GRIFFITH voters have helped deliver Riverina incumbent Michael McCormack a stunning election victory.
The Nationals member was returned with a thumping majority at Saturday’s federal poll, garnering close to 60 per cent of the primary vote before the counting of postals, pre-polls and absentee votes – a swing of more than 14 per cent.
“I’m very humbled, it’s a great feeling,” Mr McCormack said yesterday.
“I’ve had a great campaign team and everyone that knows me knows I’m a fighter.
“I put the Riverina first and always will.”
Despite a local campaign dominated by minor party calls to make the Riverina more marginal, Griffith voters gave a resounding endorsement to Mr McCormack and the Coalition.
He said fighting for better health services for Griffith – including a Headspace facility – and helping fill a funding gap to move Griffith’s freight terminal would be priority issues for him in the coming term.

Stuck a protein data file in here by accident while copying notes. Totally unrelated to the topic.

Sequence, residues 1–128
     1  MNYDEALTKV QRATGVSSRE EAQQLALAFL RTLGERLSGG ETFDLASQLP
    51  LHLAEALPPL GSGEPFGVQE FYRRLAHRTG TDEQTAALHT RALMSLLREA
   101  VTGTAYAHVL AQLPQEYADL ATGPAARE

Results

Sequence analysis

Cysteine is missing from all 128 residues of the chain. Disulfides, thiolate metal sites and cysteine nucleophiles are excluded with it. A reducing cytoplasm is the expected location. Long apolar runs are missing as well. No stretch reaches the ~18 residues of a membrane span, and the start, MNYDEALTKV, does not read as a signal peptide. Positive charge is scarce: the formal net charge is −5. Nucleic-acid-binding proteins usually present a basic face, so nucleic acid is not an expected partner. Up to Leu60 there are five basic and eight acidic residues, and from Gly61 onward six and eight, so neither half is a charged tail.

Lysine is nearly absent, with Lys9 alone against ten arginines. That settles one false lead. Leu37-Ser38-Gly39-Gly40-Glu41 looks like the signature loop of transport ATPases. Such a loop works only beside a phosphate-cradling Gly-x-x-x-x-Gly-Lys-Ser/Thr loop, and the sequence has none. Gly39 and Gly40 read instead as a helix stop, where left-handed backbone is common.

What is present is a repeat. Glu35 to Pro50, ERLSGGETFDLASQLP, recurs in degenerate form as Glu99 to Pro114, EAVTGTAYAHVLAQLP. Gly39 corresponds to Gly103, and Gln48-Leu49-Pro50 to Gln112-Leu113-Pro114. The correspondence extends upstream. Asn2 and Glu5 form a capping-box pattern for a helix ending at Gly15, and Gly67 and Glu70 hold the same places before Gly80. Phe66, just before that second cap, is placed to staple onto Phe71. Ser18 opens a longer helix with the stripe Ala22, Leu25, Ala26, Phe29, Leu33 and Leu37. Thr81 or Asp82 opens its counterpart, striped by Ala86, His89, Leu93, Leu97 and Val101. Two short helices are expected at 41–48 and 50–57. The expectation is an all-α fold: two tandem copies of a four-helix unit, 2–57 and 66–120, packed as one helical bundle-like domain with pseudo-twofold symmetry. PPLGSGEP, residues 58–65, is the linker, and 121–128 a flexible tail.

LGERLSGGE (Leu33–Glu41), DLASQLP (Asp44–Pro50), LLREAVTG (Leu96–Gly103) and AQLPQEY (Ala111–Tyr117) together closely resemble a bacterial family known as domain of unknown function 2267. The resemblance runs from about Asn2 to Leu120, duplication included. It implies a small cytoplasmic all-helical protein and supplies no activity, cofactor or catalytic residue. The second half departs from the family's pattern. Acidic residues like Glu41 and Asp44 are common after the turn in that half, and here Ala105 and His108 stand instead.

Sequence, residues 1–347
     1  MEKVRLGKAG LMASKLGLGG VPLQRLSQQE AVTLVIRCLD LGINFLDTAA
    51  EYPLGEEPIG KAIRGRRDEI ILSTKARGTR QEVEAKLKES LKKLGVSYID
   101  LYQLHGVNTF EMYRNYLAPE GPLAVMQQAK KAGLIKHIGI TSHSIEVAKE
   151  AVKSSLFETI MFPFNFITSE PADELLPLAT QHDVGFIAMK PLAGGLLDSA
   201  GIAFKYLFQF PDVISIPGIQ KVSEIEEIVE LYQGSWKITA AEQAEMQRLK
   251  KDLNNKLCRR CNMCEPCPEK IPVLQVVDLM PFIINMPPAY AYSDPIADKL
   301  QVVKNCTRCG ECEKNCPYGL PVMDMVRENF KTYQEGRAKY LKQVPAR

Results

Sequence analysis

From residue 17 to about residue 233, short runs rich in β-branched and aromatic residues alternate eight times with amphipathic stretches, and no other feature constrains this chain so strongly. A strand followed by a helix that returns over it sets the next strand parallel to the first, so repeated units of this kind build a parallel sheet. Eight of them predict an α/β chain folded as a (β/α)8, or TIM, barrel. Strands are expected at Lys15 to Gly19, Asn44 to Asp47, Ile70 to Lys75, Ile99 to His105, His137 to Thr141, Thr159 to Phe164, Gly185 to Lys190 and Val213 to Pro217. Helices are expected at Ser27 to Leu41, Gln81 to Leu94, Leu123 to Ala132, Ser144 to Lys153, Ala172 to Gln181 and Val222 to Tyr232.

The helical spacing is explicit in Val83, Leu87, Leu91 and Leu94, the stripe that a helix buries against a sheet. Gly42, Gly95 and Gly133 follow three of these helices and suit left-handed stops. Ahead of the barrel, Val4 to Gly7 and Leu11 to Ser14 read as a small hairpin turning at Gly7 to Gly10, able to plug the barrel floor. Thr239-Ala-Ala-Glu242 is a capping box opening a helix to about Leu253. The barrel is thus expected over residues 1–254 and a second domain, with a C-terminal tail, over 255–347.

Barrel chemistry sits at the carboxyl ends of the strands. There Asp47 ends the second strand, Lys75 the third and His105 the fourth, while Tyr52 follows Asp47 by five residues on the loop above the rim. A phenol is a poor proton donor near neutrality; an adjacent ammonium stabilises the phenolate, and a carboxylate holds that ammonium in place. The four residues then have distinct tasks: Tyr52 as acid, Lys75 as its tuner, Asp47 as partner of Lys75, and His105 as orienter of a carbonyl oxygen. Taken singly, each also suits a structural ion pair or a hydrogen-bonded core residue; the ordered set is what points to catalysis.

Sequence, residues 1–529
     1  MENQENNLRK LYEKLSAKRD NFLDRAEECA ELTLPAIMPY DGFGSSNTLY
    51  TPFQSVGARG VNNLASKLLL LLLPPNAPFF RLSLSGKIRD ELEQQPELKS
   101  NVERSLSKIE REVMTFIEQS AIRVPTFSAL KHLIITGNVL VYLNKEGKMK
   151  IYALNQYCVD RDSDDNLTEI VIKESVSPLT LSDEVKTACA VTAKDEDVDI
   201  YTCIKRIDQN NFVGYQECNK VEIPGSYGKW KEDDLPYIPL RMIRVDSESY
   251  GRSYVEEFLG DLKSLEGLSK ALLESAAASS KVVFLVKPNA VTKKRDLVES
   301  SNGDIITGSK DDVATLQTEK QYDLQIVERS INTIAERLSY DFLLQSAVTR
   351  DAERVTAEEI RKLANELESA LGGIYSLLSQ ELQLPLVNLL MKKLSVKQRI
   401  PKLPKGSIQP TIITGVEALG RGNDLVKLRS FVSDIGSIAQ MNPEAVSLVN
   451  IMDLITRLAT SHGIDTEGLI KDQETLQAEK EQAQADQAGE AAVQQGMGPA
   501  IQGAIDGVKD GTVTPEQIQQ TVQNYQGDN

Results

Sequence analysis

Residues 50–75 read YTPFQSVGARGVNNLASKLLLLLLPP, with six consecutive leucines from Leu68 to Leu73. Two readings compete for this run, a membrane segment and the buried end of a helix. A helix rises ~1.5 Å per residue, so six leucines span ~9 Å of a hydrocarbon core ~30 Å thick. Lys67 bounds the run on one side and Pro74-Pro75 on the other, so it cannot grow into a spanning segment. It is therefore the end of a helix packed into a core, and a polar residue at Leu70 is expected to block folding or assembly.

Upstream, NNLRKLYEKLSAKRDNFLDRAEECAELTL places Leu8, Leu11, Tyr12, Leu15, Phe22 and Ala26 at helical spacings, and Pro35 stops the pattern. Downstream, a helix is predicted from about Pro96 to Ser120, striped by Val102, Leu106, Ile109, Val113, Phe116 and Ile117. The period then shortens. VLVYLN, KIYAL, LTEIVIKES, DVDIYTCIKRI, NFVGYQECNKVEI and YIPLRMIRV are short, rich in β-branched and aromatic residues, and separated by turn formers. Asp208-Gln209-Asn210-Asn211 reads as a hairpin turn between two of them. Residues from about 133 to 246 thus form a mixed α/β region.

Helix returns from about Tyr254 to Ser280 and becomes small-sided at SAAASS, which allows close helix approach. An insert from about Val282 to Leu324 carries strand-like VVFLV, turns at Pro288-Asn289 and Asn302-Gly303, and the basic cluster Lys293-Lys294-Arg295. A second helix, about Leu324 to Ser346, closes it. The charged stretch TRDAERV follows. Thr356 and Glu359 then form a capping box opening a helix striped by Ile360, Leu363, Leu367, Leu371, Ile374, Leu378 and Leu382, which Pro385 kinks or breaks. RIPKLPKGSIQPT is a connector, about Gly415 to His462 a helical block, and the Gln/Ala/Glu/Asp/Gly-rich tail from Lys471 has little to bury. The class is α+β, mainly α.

Mr McCormack polled strongly at Griffith’s two main booths, attracting 65.54 per cent of primaries at the PCYC and 64.25 per cent at Griffith North.
His weakest local booth was at West Griffith, where he polled 55.15 per cent of the primary vote, about 30 per cent more than Labor’s Tim Kurylowicz.
Mr Kurylowicz, a first-time candidate, attracted about 20 per cent of the primary vote electorate-wide, a 1.68 per cent swing against Labor – less than the national swing.
Palmer United Party’s Lex Stewart, who finished third with more than 5 per cent of the primary vote, said preferences could have handed him an unlikely victory.
“I’m clearly disappointed because we got all the preferences and if we had pulled the Nats down to 48 per cent, we would have won the seat,” Mr Stewart said.
“The Nats’ performance for 30 years has been damaging to rural Australia yet people in areas like this still vote for them.”
Speaking outside the North Griffith polling booth, Griffith resident Scott Simpson said while Kevin Rudd was his preferred prime minister, he voted for Mr McCormack based purely on local issues.
“I just thought he had more realistic solutions for Griffith,” Mr Simpson said.
“He showed strong leadership on the Murray-Darling Basin Plan and seemed more engaged with issues affecting Griffith residents.”